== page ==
Jeremy: Were you in a bar? [laughs]
Mark: We were in a bar. Yes. We were in a bar. We're in a dueling piano bar in Orlando which is very cool if you haven't done that in and of itself. I'm the one person not drinking. These two guys are having a grand old time responsibly. I wasn't drinking. I just didn't feel like it.

 

Who knocks over the glass of water all over the place [laughs] so that the waitress has to come over and clean it up?

[laughter]

Mark: If you ever want a blind guy to make fun of you that is the way to do it.

 

[laughter]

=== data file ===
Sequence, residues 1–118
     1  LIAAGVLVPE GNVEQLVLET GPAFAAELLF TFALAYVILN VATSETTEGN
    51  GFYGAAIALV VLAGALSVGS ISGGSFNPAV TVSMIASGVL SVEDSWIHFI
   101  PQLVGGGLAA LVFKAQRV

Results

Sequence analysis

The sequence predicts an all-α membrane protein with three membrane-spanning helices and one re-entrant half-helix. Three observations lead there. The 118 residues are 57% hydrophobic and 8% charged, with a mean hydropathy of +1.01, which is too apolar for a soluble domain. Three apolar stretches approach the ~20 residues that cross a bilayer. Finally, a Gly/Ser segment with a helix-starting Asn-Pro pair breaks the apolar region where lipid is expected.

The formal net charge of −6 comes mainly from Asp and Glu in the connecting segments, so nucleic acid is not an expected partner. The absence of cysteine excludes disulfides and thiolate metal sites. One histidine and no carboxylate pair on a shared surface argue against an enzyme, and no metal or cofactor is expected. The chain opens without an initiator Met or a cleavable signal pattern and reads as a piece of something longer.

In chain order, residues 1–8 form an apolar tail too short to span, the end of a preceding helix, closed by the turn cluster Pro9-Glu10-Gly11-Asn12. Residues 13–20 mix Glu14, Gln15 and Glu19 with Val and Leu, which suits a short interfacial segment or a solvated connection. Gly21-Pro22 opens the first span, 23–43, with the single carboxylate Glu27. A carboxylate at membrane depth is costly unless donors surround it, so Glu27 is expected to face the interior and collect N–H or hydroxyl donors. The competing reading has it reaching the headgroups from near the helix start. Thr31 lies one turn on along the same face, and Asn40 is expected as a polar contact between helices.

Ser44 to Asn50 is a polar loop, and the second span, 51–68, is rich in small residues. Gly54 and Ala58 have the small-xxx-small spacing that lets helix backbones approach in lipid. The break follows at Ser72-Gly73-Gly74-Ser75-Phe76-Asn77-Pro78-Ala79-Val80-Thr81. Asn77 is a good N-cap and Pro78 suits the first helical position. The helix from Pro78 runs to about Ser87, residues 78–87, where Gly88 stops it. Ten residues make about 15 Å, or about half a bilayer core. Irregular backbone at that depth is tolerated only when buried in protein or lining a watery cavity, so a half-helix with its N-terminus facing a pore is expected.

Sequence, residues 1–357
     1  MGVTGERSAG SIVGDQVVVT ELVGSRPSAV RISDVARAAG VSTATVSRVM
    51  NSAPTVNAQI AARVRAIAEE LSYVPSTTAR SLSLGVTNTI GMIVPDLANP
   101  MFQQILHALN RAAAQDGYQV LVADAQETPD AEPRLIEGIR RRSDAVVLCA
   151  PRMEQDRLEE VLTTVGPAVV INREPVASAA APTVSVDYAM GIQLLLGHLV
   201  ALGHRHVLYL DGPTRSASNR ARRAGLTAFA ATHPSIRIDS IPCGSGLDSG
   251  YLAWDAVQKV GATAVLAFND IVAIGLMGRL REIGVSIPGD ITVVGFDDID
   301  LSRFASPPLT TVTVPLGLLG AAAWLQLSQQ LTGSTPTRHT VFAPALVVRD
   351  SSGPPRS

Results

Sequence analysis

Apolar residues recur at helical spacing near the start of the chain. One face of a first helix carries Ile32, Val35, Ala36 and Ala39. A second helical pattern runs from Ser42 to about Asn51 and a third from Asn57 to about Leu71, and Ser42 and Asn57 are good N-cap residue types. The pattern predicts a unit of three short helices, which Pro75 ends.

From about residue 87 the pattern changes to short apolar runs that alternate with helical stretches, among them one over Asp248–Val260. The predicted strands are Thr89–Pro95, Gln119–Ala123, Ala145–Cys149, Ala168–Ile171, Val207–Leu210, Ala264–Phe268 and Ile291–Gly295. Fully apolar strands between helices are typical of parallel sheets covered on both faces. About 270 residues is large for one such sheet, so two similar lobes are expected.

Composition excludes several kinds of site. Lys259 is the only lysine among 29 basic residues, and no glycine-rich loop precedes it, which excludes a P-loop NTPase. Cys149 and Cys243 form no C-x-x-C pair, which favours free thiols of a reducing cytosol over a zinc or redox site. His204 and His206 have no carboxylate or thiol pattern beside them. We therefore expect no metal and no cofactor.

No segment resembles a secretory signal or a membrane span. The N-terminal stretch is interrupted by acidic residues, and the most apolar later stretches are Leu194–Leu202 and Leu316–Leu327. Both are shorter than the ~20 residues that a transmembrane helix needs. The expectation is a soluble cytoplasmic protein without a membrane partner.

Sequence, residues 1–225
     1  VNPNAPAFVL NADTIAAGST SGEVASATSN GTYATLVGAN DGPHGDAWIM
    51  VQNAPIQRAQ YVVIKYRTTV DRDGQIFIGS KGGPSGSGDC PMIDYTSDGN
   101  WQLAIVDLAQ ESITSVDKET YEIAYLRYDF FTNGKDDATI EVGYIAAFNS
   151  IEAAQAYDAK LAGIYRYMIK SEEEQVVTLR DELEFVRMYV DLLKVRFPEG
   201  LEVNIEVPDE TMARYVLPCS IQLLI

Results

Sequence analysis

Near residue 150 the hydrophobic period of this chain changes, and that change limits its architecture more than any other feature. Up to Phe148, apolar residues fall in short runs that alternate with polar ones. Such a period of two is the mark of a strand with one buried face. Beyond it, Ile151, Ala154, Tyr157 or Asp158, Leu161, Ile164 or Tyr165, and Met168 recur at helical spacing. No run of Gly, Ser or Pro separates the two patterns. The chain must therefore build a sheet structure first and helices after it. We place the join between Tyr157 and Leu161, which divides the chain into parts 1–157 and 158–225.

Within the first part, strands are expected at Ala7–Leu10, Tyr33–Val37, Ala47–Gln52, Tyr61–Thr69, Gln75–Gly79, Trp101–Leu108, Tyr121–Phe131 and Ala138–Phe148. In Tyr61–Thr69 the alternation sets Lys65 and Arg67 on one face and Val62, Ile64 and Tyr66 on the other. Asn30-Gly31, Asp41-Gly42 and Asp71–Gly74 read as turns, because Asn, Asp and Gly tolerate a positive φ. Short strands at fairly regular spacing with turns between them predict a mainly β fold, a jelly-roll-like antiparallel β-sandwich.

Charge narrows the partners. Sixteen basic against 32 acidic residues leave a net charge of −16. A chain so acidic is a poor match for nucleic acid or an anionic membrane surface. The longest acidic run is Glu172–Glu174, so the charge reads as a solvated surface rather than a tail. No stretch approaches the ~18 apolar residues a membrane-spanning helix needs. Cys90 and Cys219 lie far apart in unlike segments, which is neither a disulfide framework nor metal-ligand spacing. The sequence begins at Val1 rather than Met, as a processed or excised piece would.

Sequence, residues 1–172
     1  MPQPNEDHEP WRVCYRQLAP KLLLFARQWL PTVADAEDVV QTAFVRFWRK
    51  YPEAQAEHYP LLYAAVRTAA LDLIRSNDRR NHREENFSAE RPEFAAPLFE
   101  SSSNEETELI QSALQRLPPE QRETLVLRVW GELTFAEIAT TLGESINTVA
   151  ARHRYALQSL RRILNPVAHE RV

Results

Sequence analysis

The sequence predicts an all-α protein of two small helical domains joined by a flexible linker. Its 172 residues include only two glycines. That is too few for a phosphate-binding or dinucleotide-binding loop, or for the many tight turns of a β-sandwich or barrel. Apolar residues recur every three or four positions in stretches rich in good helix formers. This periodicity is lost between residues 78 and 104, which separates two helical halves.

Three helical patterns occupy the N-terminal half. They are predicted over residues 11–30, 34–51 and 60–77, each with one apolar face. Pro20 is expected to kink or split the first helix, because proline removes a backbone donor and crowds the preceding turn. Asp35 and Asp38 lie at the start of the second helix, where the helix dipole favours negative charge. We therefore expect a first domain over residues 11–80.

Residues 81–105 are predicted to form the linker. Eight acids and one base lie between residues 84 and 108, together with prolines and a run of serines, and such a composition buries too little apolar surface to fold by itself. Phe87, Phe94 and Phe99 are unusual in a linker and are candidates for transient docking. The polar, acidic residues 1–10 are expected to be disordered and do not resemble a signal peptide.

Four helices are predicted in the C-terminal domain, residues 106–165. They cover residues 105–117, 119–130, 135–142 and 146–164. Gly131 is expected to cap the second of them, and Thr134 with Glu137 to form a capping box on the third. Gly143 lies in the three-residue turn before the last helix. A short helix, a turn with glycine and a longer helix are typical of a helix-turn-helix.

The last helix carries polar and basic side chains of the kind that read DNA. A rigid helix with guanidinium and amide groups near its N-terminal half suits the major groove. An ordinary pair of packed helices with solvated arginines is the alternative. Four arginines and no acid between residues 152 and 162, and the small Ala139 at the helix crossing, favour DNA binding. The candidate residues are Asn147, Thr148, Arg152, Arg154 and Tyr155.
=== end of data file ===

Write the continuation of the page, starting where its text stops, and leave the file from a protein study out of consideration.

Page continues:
Mark: He's like, "I'm drinking, and I'm blind, and I didn't knock over the cup." Like, "Yeah, I'm just an idiot, I don't have an excuse." [laughs]
Jeremy: Maybe you could ask, say, "Hey, can I borrow your Aira device so I can find the waitress, so I can look around. I can't see."
Mark: [laughs] That's right. To be fair, he did try to exit through a window later on.

 

[laughter]

Jeremy: Did he make it out?
Mark: Yeah. He was right behind me and he was headed towards...there was a big picture window, and he was headed towards...I think his vision's probably somewhere in the neighborhood of yours, so he was kind of headed towards the light, right?
Jeremy: Yeah.
Mark: So, he was headed right towards this big picture window, and I'm like, "Take a left. Take a left." He's like, "Oh, just headed towards the light."

 

[laughter]